One thing I love hearing about is unique cultural traditions within companies. They provide a window into the actual “company” beyond just the product. This is usually pretty opaque and far more interesting to me. Building a good product is cool, but building a company that people love to work at is way cooler. Ideally you want both.
It’s easy to lump cultural traditions as a gimmick to make work seem more fun or interesting. But I think they’re so much more than that.
One aspect that separates one company from another are the people and the things that you do together. When you do fun, rewarding things as a company, it’s awesome. And when those things feel unique to your company, I think they’re all the more powerful. Just like a distinctive uniform, uniqueness emphasizes that you’re part of a team. No one gets to wear Yankees pinstripes on the diamond unless you’re a Yankee. And when you feel part of a team, it inspires the feeling that you’re a part of something bigger than yourself. This cultivates a far more authentic allegiance than a fat paycheck and pushes you to press on when faced with adversity. That’s why engendering a sense of team is so important.
Unique Cultural Traditions -> Greater Sense of Team -> Serves Employees Both Individually and as a Team Well -> Serves the Business Well
I wanted to highlight a couple of unique cultural traditions I think are pretty cool:
We do a lot of cool things at SP, but there’s no doubt the staple is our Gong. Every time a team (Product, Sales, BD, etc) hits one of their monthly goals, they get to hit the gong. A new employee’s first sale or exceptional accomplishment also warrants hitting the gong.
Celebrating each other’s success is something we all really enjoy and has definitely brought us closer together as a team.
We’re also starting a guest speaker series. Each month, a guest speaker who is doing some cool things will come in and speak to the company…A few of us also do pushups.
Fittingly, every friday the good folks over at Greatist do a fitness, health, and/or happiness activity together as a team. Examples of this have included ice skating, parkour, crossfit, tai chi, dyeing easter eggs, and even a hike with intermittent wine tasting. They call these “gractivities.”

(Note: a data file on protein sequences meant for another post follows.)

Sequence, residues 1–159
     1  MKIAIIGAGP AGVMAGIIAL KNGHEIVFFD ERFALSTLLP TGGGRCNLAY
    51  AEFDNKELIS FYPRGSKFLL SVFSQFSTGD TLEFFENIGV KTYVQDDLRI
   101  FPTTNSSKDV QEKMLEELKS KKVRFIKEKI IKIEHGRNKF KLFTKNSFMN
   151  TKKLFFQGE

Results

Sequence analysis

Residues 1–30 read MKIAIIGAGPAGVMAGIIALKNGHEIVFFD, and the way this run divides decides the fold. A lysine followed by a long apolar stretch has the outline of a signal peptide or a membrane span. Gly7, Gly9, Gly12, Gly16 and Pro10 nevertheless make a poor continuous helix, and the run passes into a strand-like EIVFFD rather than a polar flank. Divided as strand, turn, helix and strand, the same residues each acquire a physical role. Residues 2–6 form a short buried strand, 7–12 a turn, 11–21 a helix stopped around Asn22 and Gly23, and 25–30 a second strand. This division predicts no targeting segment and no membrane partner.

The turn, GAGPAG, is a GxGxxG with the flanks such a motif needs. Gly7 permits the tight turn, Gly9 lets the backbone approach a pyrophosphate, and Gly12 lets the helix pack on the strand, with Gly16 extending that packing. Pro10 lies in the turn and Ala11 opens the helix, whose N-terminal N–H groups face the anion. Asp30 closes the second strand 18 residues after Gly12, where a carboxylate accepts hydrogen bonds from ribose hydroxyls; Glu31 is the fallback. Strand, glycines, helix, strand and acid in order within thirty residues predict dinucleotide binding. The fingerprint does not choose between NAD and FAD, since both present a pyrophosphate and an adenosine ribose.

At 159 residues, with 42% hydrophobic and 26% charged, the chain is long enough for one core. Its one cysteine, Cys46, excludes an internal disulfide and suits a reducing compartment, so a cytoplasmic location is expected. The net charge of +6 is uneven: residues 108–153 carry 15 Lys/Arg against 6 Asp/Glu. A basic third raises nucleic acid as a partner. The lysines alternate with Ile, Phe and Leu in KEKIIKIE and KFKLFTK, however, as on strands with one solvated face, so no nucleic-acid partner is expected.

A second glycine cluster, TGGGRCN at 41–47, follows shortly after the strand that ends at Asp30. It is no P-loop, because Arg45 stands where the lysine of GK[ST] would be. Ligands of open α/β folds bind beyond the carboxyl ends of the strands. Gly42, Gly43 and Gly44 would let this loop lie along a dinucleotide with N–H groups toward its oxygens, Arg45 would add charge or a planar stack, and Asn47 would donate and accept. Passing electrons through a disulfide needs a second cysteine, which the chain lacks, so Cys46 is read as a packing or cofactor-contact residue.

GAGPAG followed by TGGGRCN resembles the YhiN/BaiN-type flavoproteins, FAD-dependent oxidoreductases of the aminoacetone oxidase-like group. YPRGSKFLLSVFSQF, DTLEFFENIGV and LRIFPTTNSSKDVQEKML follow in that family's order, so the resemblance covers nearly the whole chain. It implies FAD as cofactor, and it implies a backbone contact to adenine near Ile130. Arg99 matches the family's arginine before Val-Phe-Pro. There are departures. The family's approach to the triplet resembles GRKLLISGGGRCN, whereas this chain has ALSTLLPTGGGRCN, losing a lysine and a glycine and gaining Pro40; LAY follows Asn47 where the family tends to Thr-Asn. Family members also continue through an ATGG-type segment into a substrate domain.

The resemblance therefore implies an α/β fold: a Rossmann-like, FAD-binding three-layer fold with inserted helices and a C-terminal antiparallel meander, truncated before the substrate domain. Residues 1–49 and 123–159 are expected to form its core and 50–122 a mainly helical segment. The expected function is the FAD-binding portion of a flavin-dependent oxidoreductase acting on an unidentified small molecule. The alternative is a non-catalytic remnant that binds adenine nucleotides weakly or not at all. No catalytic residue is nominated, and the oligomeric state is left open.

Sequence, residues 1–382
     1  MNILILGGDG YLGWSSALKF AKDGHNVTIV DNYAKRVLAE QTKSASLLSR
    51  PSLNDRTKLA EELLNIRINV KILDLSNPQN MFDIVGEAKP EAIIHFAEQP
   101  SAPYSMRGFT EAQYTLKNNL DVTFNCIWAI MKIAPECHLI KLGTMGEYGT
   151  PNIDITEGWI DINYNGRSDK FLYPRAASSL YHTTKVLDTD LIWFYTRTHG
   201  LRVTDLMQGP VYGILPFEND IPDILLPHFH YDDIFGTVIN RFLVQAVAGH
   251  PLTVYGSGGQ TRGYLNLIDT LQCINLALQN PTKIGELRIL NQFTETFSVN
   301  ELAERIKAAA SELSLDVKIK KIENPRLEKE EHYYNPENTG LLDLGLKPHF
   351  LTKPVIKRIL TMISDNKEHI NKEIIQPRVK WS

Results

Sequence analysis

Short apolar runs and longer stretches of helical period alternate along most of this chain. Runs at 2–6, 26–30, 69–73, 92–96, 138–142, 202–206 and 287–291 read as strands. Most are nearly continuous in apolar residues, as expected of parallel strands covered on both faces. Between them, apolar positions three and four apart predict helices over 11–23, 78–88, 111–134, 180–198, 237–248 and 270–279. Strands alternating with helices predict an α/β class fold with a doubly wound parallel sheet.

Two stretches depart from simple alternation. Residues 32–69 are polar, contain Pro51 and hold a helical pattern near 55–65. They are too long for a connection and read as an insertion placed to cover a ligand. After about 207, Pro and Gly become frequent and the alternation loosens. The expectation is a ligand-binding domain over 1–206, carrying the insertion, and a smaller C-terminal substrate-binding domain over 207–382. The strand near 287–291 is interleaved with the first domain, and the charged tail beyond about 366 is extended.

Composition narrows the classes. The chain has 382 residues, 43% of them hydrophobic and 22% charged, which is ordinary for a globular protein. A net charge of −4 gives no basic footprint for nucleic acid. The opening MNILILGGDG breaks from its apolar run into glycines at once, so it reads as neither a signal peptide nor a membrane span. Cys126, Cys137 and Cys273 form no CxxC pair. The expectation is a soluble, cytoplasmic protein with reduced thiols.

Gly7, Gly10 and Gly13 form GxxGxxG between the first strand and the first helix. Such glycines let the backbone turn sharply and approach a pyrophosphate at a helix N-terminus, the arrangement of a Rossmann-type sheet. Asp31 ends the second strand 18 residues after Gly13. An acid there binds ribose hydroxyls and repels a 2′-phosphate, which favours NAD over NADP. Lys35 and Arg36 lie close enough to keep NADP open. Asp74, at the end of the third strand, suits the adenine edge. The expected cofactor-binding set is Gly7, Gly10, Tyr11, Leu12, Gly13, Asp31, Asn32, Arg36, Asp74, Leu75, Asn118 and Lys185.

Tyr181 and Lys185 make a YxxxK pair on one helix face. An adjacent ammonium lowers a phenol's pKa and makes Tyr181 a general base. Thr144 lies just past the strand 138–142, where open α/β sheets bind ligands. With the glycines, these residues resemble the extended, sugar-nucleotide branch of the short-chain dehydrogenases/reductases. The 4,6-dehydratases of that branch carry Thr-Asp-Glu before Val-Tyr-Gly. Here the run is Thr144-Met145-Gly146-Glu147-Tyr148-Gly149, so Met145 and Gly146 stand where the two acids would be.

This pretty cool version of a happy hour that aligns with their goal to live the life they champion. Pretty cool stuff.
When they’re not building kickass mud runs, Tough Mudder employees get to partake in the “Tough Mudder University.” Each month employees read a Harvard Business School case study then come together to as a company to have an intellectual discussion in the style of an HBS classroom.
You can read more about Tough Mudder University here.
One cool thing about being in the MLB is that your theme song plays when you step up to the plate. Turns out you don’t need to be able to hit the long ball to have a theme song.
As a member of the savored sales team, you get to pick a theme song and every time you get a sale, they play your song for the company to hear. They might have a gong too…
Every Friday the Signpost team has an all hands on deck meeting. At the beginning of the meeting they hand out small pieces of paper for people to write notes or props to each other. They fold up the papers, put them in a hat, and at the end of each meeting, two people read the “Signpost Snaps” aloud. They can be serious or jokes.
The entire Lawline company holds a “Huddle” to start the day every morning. A different employee each morning is assigned to present something motivating or interesting for 5 minutes to their fellow employees.
I believe they also have a quick Q & A for the presenting employee in order to promote transparency within the company across departments. More about the lawline company culture can be found on their awesome company culture blog here.
- Motivate employees to excel
- Encourage personal and professional development
- Recruit employees
Creating a place where people love to work may be the most important thing you can do. And cultural traditions are one way to enhance this.
I’d love to hear other examples of unique company traditions or elements of culture. Please share in the comments if you have any.